For this project grant, public art with physical alterations of public spaces (murals, sculptures, etc.) will not be considered. We encourage applicants with those projects to wait for our Fall 2022 call for Kindling Fund grantees. 

Projects with no tangible outcome (new work or public programming) will not be considered, at this time; there are no research and development grants available. Projects that will not be complete or launched by August 31st of 2023. 

Applicants who are currently full-time enrolled students whose projects contain no public component outside of their college or university will not be considered.

These grants are specifically designated as non-emergency relief funds. Funds can not be further re-granted, or used for non-project purposes.  

Other ineligible requests: Requests for travel to participate exclusively in other projects. Requests for equipment purchases as the majority of the project. 

Individuals who have been debarred from receiving federal funds are ineligible for one of these grants. 

Projects with a public component hosted at a non-ADA accessible site are not considered eligible.

Organizations are not eligible, these are grants for individual artists only.

How do grants get chosen? 

Artists will be selected by a panel of qualified arts leaders who will assess artistic merit and excellence, community-mindedness, and potential/capacity to deliver a quality product. As selected, artists will represent the creative energies and valuable potential civic contributions of Maine’s branch of this program and their residents. SPACE is committed to highlighting a diverse range of artists across discipline, geography, and identity vectors in all of its grantmaking opportunities.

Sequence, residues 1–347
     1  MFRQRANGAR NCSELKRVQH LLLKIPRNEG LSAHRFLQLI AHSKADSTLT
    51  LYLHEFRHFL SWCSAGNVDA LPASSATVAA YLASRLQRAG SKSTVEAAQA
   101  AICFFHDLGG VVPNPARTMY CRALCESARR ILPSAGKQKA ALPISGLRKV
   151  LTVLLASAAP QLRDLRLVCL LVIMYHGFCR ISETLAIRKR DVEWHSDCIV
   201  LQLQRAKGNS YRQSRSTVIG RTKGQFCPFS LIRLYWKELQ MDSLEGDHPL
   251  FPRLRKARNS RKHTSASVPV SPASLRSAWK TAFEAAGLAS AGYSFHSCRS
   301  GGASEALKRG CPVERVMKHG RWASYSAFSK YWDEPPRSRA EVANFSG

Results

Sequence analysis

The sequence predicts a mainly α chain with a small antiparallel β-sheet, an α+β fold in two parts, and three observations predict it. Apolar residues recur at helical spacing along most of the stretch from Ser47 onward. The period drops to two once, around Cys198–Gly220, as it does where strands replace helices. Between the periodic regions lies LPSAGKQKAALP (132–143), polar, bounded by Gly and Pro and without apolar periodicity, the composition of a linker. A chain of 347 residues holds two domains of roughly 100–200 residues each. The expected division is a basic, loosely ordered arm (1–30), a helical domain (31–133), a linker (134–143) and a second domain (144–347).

What is the assessment criteria of the jury? 

All NEA American Rescue Plan project awards are juried on the artistic excellence of the project as a guiding principle. We seek to put visionary artists to work in this moment of economic recovery and evaluate project concepts for being bold, experimental, thoughtful, values-driven and impactful on their careers and the community. We also qualify excellence through skill, originality, and/or inventive form. 

Additional criteria include: The project timeline and how feasible it appears; How the project defines and considers a public audience for this new work; The applicant’s strategy for potential public engagement around the new project; Anticipated creative and public community impact; The applicant’s capacity to carry out the project, in part, on past work; The artistic quality of past work samples; Clarity and feasibility of the budget. 

With all of our grant programs, SPACE charges our grant jury with our internal values of thoughtful consideration towards site and public(s), risk-taking bravery, a spirit of artistic play, and prioritizing work that uplifts equity and healthy communities.

How is this different from the Kindling Fund? 

The Kindling Fund offers support to artist-organized platforms including artist-run galleries, residencies, and collectives. ARP Maine Project Grants can fund specific programs or projects that take place in one of these organizations, but will not fund the greater platform for operating support. The Kindling Fund maintains that it must include the visual arts in a significant, inventive, or meaningful way. These project grants are expanded to welcome projects from all artistic disciplines that fit within our eligibility requirements.